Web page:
• “At one time there was nothing wrong with me/That you could not fix…”
    — “Seeing the Real You at Last”

Dylan also paraphrases some dialogue between Robert Mitchum and Kirk Douglas from the 1947 RKO noir classic Out of the Past, in the following year’s Knocked Out Loaded.

  • “You said you were going’ to Frisco, stay a couple of months.
    I always liked San Francisco, I was there for a party once.”
    — “Maybe Someday”

But there are a ton more. Other crime or detective films Dylan has “borrowed” lines from include The Petrified Forest, The Big Store, All Through The Night, Double Indemnity, The Big Sleep, To Have And Have Not, Key Largo, City That Never Sleeps, On The Waterfront, Rear Window, 12 Angry Men, Shoot The Piano Player, The Hustler and Taxi Driver, among others.

I’m not making any of this up, either. I stumbled across them in All Across the Telegraph, a collection of items culled from a British Bob Dylan fanzine, edited by Michael Gray and John Bauldie, which pretty much confirmed my suspicions.

Dylan has always struck me as a bit of a hard-boiled guy, anyway, a latter day, guitar-toting Bogart with a snappy line of patter. In 1997’s Time Out of Mind album, he lets fly with what I think is perhaps the ultimate noir line of despair:

  • “Don’t know if I saw you
    If I would kiss you or kill you
    It probably wouldn’t matter to you anyhow…”
    — “Standing in The Doorway”

There are also a few choice passages that reference crime and detective fiction (and a few sentences that could have come right out of a hard-boiled P.I. novel) in his rambling 2004 autobiography, Chronicles: Volume One, including:

  • “He (Albert Grossman) looked like Sidney Greenstreet in The Maltese Falcon.” (p. 97).
  • “I had the Mike Hammer attitude, my own particular brand of justice. The courts were too slow and too complicated, don’t take care of business. My sentiment was that the law is fine but this time, I’m the law — the dead can’t speak for themselves. I’m speaking for ’em. Okay?” (p. 51)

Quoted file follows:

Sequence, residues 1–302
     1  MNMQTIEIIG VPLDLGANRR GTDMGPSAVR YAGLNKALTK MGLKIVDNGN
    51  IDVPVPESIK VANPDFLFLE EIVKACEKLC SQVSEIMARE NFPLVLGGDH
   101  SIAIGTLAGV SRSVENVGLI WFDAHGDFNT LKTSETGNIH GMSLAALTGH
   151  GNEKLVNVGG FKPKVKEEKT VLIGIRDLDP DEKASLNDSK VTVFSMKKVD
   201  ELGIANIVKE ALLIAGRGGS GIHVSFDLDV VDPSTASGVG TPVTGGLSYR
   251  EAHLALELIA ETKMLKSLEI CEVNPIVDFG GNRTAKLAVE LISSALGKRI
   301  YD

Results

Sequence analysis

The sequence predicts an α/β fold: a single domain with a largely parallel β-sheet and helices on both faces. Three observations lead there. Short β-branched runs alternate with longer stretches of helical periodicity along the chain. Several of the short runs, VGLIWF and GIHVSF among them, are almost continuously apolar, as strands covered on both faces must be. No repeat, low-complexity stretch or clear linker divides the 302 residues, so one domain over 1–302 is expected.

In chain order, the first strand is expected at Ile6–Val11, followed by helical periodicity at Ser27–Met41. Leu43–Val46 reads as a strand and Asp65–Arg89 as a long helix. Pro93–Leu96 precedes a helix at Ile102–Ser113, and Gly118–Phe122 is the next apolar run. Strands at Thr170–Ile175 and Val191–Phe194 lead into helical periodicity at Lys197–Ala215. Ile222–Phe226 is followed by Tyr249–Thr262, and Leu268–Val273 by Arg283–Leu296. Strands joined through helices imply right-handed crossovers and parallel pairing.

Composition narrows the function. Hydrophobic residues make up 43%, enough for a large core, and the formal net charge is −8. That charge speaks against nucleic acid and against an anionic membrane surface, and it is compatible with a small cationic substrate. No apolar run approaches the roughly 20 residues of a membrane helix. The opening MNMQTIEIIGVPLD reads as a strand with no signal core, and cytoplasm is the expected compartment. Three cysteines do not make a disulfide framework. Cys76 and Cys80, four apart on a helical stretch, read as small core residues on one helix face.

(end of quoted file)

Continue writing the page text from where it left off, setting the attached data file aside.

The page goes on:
• “It’s a crazy mixed up world and you have to look it right in the eye.” (p. 45)
  • “Oh, the wicked ironies of life. I’d gotten a cosmic kick in the pants. I probably should have been wearing steel underwear.” (p. 162)



  • Bob Dylan | Buy this CD
    by Bob Dylan
    (1962, Columbia Records)
  • The Times They Are A-Changing | Buy this CD
    by Bob Dylan
    (1964, Columbia Records)
  • Pat Garrett & Billy the Kid | Buy this CD
    by Bob Dylan
    (1973, Columbia Records)
  • Blood on the Tracks | Buy this CD
    by Bob Dylan
    (1975, Columbia Records)
  • Desire | Buy this CD
    by Bob Dylan
    (1976, Columbia Records)
  • Empire Burlesque | Buy this CD
    by Bob Dylan
    (1985, Columbia Records)
  • Knocked Out Loaded Buy this CD
    by Bob Dylan
    (1986, Columbia Records)
  • The Travelling Wilburys, Vol. 1 | Buy this CD
    by The Travelling Wilburys
  • Time Out of Mind Buy this CD
    by Bob Dylan
    (1997, Columbia Records)


  • Chronicles: Volume One (2004; by Bob Dylan) Buy this book | Kindle it!
    Dylan is often infuriatingly full of himself, and sometimes he’s just full of shit, but his magic swirling shit’s still more compelling and fascinating than almost anyone else’s.


Report respectfully submitted by Kevin Burton Smith. Visions of Johanna cover by Todd Alcott.

Leave a Reply